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Public Health News Headlines from Johns Hopkins

The Johns Hopkins Bloomberg School of Public Health is dedicated to protecting health and saving lives.
  1. Progress in Family Planning in Africa Accelerating

    A new study led by researchers at Johns Hopkins Bloomberg School of Public Health shows that women in eight sub-Saharan African countries are gaining access to and using modern contraception at a faster rate than previously projected.
    Mon, 20 May 2019 17:09:41 GMThttps://www.jhsph.edu/news/news-releases/2019/progress-in-family-planning-in-africa-accelerating.html
  2. Gaps in Child Flourishing Narrow with Family Resilience and Connection

    Study: Less than half of school-aged children in the U.S. are flourishing. Children living in families with higher levels of resilience and connection are much more likely to flourish.
    Fri, 17 May 2019 14:28:22 GMThttps://www.jhsph.edu/news/news-releases/2019/gaps-in-child-flourishing-narrow-with-family-resilience-and-connection.html
  3. Panel: Less Than Half of Approaches in Campus Alcohol Policies Get High Marks for Efficacy

    A review of campus alcohol policies found that fewer than half of the specific approaches to reduce problematic alcohol consumption are “most effective.”
    Thu, 16 May 2019 13:42:21 GMThttps://www.jhsph.edu/news/news-releases/2019/panel-less-than-half-of-approaches-in-campus-alcohol-policies-get-high-marks-for-efficacy.html
  4. Progress Against Child Mortality Lags in Many Indian States

    Johns Hopkins Bloomberg School of Public Health study: India in 2015 had more deaths among children under five than any other country and had large disparities in the under-five mortality rate between richer and poorer states.
    Tue, 14 May 2019 13:33:19 GMThttps://www.jhsph.edu/news/news-releases/2019/progress-against-child-mortality-lags-in-many-indian-states.html
  5. New Model of Measles-Elimination Progress May Help Target Vaccination Efforts

    A country’s progress towards measles elimination can be mapped on a “canonical path” that in turn can guide vaccination strategies, according to a study from scientists at the Johns Hopkins Bloomberg School of Public Health.
    Fri, 10 May 2019 18:55:13 GMThttps://www.jhsph.edu/news/news-releases/2019/new-model-of-measles-elimination-progress-may-help-target-vaccination-efforts
  6. How Nipah Virus Spreads From Person to Person

    The deadly Nipah virus, which is carried by bats and occasionally infects people, is more likely to be transmitted from person to person when the infected patient is older according to a study co-led by scientists at JHSPH.
    Thu, 09 May 2019 14:06:51 GMThttps://www.jhsph.edu/news/news-releases/2019/how-nipah-virus-spreads-from-person-to-person.html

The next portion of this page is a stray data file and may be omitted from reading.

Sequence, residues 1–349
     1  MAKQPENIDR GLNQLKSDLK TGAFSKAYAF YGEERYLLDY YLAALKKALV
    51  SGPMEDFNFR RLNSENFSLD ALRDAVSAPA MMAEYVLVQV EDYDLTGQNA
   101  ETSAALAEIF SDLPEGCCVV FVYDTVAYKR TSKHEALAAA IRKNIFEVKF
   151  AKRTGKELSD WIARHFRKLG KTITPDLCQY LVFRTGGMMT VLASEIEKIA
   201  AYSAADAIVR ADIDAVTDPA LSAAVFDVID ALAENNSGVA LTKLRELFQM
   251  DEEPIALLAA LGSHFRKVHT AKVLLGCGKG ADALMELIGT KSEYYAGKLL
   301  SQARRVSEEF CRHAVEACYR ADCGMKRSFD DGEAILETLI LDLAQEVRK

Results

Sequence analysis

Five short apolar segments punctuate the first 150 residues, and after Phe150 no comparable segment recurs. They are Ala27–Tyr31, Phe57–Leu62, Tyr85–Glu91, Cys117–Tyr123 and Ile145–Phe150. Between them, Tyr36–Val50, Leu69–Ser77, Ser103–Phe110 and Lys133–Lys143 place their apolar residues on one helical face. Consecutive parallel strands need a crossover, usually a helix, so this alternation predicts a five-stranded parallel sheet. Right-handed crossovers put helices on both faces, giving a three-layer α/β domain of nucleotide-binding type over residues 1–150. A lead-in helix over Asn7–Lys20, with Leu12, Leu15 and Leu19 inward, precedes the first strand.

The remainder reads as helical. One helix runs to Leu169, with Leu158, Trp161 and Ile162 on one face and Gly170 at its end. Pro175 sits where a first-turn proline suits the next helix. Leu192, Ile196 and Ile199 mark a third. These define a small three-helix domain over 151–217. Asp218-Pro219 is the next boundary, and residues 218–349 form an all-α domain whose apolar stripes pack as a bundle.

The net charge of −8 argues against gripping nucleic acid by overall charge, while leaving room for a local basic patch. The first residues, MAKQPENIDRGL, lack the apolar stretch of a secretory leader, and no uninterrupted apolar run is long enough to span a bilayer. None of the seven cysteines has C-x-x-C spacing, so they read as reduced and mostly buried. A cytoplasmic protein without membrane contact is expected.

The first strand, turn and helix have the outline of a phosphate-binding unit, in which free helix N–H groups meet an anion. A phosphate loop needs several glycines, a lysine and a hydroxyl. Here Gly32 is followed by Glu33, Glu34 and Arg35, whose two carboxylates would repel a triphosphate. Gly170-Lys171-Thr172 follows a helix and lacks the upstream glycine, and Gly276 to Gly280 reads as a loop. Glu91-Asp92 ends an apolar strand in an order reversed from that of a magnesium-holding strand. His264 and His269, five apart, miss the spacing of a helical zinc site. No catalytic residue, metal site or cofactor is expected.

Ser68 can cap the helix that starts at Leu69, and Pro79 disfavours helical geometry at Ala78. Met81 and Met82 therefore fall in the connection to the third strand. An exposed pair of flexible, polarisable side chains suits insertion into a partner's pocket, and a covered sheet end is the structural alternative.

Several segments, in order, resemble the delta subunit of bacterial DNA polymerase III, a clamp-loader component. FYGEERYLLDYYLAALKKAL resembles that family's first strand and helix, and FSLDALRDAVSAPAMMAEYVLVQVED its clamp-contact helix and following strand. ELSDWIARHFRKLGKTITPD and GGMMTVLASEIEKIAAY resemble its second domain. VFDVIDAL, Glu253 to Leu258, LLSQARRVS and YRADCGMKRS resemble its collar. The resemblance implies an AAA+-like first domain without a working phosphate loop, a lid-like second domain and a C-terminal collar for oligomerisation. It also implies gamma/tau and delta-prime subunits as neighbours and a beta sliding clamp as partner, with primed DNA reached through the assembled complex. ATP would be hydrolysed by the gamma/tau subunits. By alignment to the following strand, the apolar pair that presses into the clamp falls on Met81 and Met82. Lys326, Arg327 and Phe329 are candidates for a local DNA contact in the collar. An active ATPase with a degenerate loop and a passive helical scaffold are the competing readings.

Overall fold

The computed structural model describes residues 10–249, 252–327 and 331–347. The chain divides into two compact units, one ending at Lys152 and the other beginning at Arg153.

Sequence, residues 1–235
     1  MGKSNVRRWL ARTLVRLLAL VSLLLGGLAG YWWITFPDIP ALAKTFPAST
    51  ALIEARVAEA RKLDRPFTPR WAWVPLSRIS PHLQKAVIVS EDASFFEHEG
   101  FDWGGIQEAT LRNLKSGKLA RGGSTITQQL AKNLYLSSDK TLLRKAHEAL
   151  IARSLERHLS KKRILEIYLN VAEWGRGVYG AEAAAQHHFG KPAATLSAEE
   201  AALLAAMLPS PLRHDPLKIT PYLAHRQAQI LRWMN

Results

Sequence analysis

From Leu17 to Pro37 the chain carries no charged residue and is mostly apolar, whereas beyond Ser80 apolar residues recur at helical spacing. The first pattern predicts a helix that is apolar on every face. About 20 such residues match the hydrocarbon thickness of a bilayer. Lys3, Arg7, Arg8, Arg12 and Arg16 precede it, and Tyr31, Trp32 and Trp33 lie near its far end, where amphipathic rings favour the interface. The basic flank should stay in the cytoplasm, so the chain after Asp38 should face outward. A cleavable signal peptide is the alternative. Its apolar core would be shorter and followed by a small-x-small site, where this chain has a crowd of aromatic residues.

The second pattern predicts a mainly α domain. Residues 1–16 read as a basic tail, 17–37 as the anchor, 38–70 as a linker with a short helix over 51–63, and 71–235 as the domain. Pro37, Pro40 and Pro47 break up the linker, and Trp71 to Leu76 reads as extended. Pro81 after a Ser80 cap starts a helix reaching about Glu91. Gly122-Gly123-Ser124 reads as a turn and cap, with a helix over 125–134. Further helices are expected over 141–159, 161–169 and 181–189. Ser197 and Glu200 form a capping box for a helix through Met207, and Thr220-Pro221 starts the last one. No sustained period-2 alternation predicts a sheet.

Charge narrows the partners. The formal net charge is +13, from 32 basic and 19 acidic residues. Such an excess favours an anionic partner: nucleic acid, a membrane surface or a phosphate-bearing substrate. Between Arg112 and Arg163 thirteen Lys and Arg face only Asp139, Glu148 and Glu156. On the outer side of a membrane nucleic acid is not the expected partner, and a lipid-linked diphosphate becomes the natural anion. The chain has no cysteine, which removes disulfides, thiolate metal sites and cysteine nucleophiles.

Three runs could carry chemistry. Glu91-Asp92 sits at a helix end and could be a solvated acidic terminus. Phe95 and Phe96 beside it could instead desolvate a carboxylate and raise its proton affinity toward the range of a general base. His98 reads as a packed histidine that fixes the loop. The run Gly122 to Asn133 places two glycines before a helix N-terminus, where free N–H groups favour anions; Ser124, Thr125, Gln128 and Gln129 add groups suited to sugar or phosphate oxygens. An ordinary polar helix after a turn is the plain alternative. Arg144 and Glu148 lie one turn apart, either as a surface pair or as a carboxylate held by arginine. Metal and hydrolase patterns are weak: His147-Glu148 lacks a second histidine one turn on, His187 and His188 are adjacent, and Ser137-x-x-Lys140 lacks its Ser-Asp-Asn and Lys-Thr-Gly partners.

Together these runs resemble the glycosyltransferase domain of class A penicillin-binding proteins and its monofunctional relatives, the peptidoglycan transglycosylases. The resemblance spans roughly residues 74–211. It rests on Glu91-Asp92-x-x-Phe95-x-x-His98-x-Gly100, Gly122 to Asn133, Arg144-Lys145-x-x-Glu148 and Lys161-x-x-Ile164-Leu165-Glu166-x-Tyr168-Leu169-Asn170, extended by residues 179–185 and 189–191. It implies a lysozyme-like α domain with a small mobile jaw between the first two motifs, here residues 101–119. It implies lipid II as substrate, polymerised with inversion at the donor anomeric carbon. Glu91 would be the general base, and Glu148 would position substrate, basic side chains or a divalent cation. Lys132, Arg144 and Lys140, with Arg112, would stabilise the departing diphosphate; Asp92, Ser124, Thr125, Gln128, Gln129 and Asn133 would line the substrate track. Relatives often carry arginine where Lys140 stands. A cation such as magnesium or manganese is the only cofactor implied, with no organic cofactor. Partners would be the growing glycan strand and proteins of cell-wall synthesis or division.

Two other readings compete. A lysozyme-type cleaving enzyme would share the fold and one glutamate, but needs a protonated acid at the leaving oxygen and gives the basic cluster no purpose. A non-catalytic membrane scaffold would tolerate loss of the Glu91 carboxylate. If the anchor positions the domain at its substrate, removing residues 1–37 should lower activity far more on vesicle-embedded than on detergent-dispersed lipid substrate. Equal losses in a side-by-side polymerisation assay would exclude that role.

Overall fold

7. Patients of Medicare Providers Committing Fraud, Abuse More Likely To Be Poor, Disabled

    Beneficiaries were treated by Medicare providers committing fraud and abuse and later banned from receiving Medicare reimbursements
    Tue, 07 May 2019 14:37:05 GMThttps://www.jhsph.edu/news/news-releases/2019/patients-of-medicare-providers-committing-fraud-abuse-more-likely-to-be-poor-disabled.html
  8. External Reference Drug Pricing Could Save Medicare Tens of Billions

    Johns Hopkins Bloomberg School of Public Health researchers found that prices for brand-name prescription drugs averaged 3.2 to 4.1 times higher in the U.S. when compared with prices in the U.K., Japan and the Canadian province of Ontario.
    Mon, 06 May 2019 20:15:14 GMThttps://www.jhsph.edu/news/news-releases/2019/external-reference-drug-pricing-could-save-medicare-tens-of-billions.html
  9. Three-Antibiotic Cocktail Clears "Persister" Lyme Bacteria in Mouse Study

    A new study from researchers at the Johns Hopkins Bloomberg School of Public Health found that a slow-growing variant form of Lyme bacteria caused severe symptoms in a mouse model.
    Tue, 23 Apr 2019 13:02:32 GMThttps://www.jhsph.edu/news/news-releases/2019/three-antibiotic-cocktail-clears-persister-lyme-bacteria-in-mouse-study.html
  10. PCV10 Pneumococcal Vaccine Has Big Impact in Kenya, Even Among Unvaccinated Individuals

    A vaccine against Streptococcus pneumoniae sharply reduced the incidence of serious pneumococcal disease among children in a large Kenyan community after it was introduced in 2011, according to a new study from researchers at JHSPH.
    Tue, 16 Apr 2019 13:57:19 GMThttps://www.jhsph.edu/news/news-releases/2019/PCV10-pneumococcal-vaccine-has-big-impact-in-kenya-even-among-unvaccinated-individuals.html